Racing in the BFGoodrich/Skip Barber National presented by Mazda Series is always something I look forward to, whether it be the intense and competitive atmosphere, fierce competition on the track or friendly attitude off the track. Going in to the weekend I knew I would have something for the regulars. This was my first race of the season, and some of the front runners were already well established, but I know Lime Rock Park and can get around it as well as anyone. The track is an incredible amount of fun in a Formula Skip Barber 2000 car, and the walls are very close so making mistakes not an option here. That's something I found out the previous year here, spinning and finding the amazingly close uphill wall. I spent the last year participating in other racing as well, learning a lot, and I knew I'd be better off than the year before.
The weekend started with a couple lapping sessions, and with a strong showing in both of those, I knew the car and I had the speed to compete up front. The early Friday morning session gave me and the other competitors a chance to work out a few things before qualifying. I pulled in after only a few laps, keeping the tires cool for a run for the pole. Qualifying came next and just as me and my coach Ryan Hall expected, the flying laps came early. My fastest lap came right out of the box on my second lap. I came in and parked to let the car cool, and went back at it. Unfortunately, my next chance at a flyer lap was spoiled by a fellow competitor's four wheels off experience. It was frustrating, but also a reality when one needs to rely on the draft of another car to sit on pole. At the end of the session I sat third, and was ecstatic because I knew that would give me a shot at the win.
The second practice and qualifying combo involved a change in track configuration from the Classic Lime Rock configuration to the addition of an uphill chicane. It was a frustrating transition for me because I love Classic Lime Rock configuration – it's thrilling. After the quick practice session, I was not as satisfied as earlier. Being a little off the pace is never great after being up at the front in a previous session. I was confident for qualifying though because I knew with the proper strategy and a few more laps on track I could be back near the pointy end of the grid. We went into the second qualifying session with the same strategy as the first, to run a few hot laps alone to get a solid time in, and then find a drafting partner. It didn't go as planned, the first few laps weren't flyers like the first session because I was still figuring out the track. By the end of the session, when we had found a good partner in points leader Scott Anderson, time ran out for us to get a good lap in. I ended the session 9th and with a lot of work to do in the race.
Saturday was an early day, with the race starting at 9am. I was so excited it didn't matter to me. I got a great start, slotting into second place. Going for the lead on lap 2 got me a little screwed up. I chose my battles early, not wanting to go three wide in the opening laps. I rode in fourth position for a long time, trying my best to break the draft to fifth so the front four cars could battle it out. It was working until the caution came out, negating the front four's hard work and severely shortening the amount of green flag laps in the race. We restarted the race with 10 minutes to go, which was not a lot of time to break away, but the front five cars did so, making for a great battle to the finish. Coming to the white flag, a couple of us popped to the outside, making it three wide on entry to the corner, the result being a big enough gap between second and third for the race to be between the front two. Knowing this, I went for third, but missed it at the line. In reflection, I am incredibly happy with the result, but at the time I was not pleased with just missing the podium. I was reassured with the fact that there was another race in the weekend.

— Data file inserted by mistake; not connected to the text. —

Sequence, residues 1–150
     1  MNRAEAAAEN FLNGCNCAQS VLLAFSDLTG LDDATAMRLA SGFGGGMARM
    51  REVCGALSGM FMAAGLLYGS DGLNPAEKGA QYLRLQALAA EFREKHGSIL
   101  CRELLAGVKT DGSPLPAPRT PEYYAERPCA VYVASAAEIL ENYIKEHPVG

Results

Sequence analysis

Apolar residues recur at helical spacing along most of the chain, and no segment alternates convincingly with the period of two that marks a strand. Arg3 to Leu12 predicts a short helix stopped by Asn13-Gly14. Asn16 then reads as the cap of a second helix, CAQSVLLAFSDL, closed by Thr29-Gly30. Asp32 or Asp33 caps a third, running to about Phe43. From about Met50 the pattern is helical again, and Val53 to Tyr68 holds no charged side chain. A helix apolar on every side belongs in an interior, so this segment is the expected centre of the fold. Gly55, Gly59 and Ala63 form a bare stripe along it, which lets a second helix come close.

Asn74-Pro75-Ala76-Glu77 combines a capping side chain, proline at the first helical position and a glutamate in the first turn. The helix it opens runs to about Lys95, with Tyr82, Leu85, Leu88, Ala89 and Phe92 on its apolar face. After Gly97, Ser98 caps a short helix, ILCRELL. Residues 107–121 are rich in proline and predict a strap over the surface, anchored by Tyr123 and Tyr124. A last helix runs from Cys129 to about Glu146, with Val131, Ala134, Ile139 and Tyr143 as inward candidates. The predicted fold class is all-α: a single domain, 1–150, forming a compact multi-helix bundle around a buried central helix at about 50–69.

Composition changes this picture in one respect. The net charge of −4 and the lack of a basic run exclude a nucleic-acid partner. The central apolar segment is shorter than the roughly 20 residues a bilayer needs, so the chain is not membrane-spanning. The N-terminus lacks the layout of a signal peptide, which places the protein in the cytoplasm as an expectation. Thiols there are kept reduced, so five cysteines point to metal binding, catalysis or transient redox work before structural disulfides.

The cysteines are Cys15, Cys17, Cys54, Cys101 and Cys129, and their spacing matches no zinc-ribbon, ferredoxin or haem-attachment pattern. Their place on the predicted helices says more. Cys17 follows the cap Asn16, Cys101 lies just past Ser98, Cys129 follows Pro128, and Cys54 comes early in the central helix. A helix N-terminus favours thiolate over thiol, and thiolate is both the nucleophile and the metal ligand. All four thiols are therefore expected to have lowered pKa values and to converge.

When I woke up to the sound of rain overhead on the second race day, I was happy in many ways. Rain is the great equalizer as they say, and I knew it would make the race very exciting. The rain stopped about an hour before the race, but the switch to the treaded BFGoodrich g-Force Sports made it clear the track was still wet. The start was crazy, I saw cars go four-wide in front of me, then a cloud of smoke and I ducked inside, picking up two spots to seventh place, from there I battled to a high of third. Competition on track was rather physical, with some rubs and other contact, resulting in the loss of my front wing. The wing isn't a downforce machine, but now I appreciate its presence. The only area its absence really affected me was in the downhill, as the car picked up massive understeer. Coming to the white flag, I was in third, but my slight speed disadvantage allowed the fourth-position car to draft by me on the outside down the straight. We remained side by side through Turns 1, 2 and 3. This allowed the fifth position car to get a run and make a risky pass into the chicane, pushing me wide and into the grass. When all was said and done, I crossed the stripe in fifth. I was really happy with this result, mainly because the race was so exciting, it really took a lot of skill by all the drivers to race as hard as we did and keep it together.
Being so close to both podiums is a bit of a heartbreak, but the weekend was really great as a whole. It reminded me why I love racing with Skip Barber Racing School so much, with talented drivers who are really motivated to get the most out of the car. I'd like to thank my coach Ryan Hall for his fantastic help and my mom and dad for the opportunity. I look forward to next time!